Tara: holds the girl back, “It doesn’t matter, he won’t remember any of this tomorrow.”
Man: “I will if i get me some of that chocolate banana swirl how about 20 dollars
Girl: “That’s it, pervert, we’re not fucking prostitutes.”
Man: “Come on, everyone’s got a price.”
Girl: (angrily heads toward the man) “That’s it!” (Tara holds her back).
Tara: Walks right up to the man, and calmly says “I’m sad for you buddy. Sad that you gotta hassle women on the street, sad that you gotta make a asshole of yourself for the attention, sad that you gotta offer money cuz there ain’t nothing else about you that’s worth loving.” Takes the $50 bill. “That’s for me not reporting you for solicitation”.
If only she would have whipped out her cell phone, taken a picture of the drunken asshole, and Holla’d back to us!! Bravo HBO!
BY KC WAGNER AND EMILY MAY, reposted from Women’s eNews.
The community around fighting street harassment is growing stronger and has pointed to its pervasiveness. K.C. Wagner and Emily May say more research is needed to lay the groundwork necessary to end this type of harassment.
(WOMENSENEWS)–The rape allegations against former International Monetary Fund Chief Dominique Strauss-Kahn and now Egyptian former bank chair Mahmoud Abdel Salam Omar by two hotel maids have refocused the world’s attention on the risks that women face by going to work.
Comments about someone’s body, assumptions based on race or sexuality, inappropriate touching, gestures, or sexual requests–it seems that everyone either has a story or knows someone that does. And we never know when these situations will escalate.
As egregious as the allegations are against Strauss-Kahn and Omar, there’s a fundamental difference between harassment in the past and today. Today, a name exists for what has happened, systems of accountability are in place and laws protect those who are victimized.
Even this limited progress has not extended to the streets though. Today a silent epidemic rages on. Street harassment–or sexual harassment in public spaces–is fast becoming the flashpoint issue for an emerging generation of activists, just as workplace harassment was in 1980s. And like in the 1980s, a solid coordination of activism, research and analysis is needed to move street harassment from the background to the forefront.
In 1991, when the Anita Hill v. Clarence Thomas case captured the public’s attention about “sexual harassment,” activists, academics, legal scholars, legislators and practitioners had been at least a decade “in the trenches.” They had already been developing vehicles for women’s voices across the country, analyzing crisis counseling and hotline records, conducting scientifically based studies and writing academic articles, articulating a feminist jurisprudence, defending women in court and beginning to influence workplace prevention and policies and challenging workplace norms. A strong platform from this decade of academic and activist work was in place to challenge the victim-blaming and vilification of Hill and to continue the fight.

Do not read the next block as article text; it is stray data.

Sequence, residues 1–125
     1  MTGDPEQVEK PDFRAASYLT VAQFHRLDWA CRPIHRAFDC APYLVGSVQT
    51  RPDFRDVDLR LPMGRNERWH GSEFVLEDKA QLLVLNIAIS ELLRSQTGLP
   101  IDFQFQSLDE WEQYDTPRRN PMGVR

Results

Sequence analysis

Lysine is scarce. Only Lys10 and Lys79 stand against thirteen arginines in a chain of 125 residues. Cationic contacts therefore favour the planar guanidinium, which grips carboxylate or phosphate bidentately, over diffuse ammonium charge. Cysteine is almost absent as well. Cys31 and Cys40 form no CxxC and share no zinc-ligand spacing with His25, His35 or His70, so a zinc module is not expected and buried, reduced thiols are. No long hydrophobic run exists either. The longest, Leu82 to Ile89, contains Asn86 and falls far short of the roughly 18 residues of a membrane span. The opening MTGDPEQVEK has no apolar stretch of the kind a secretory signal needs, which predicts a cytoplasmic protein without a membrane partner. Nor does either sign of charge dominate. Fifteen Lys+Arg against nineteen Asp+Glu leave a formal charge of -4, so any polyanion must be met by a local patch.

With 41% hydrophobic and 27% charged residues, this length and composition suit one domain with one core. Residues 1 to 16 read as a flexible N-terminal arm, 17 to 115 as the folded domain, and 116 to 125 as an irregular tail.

Street harassment is no different than workplace harassment in its purpose and its effect. It is meant to put victims in their place, to remind them that they are objects and that their safety is a privilege, not a right. As a result, people change jobs, leave apartments or whole cities and suffer long-term stress and anxiety orders.
Now young activists internationally, at nonprofits such as Hollaback! and in projects such as Stop Street Harassment, Blank Noise Project and WomenSpeak, are beginning to stand up and say “no more.”
In 2005, a group of young friends, men and women from ages 21 to 24, were telling their stories of street harassment. When they walked alone, they felt vulnerable and powerless; when they would yell at the instigators of the harassment, the situation escalated; police did not seem to respond to their concerns. One of the men in the group said to his female friends: “You live in a different New York City than we do.”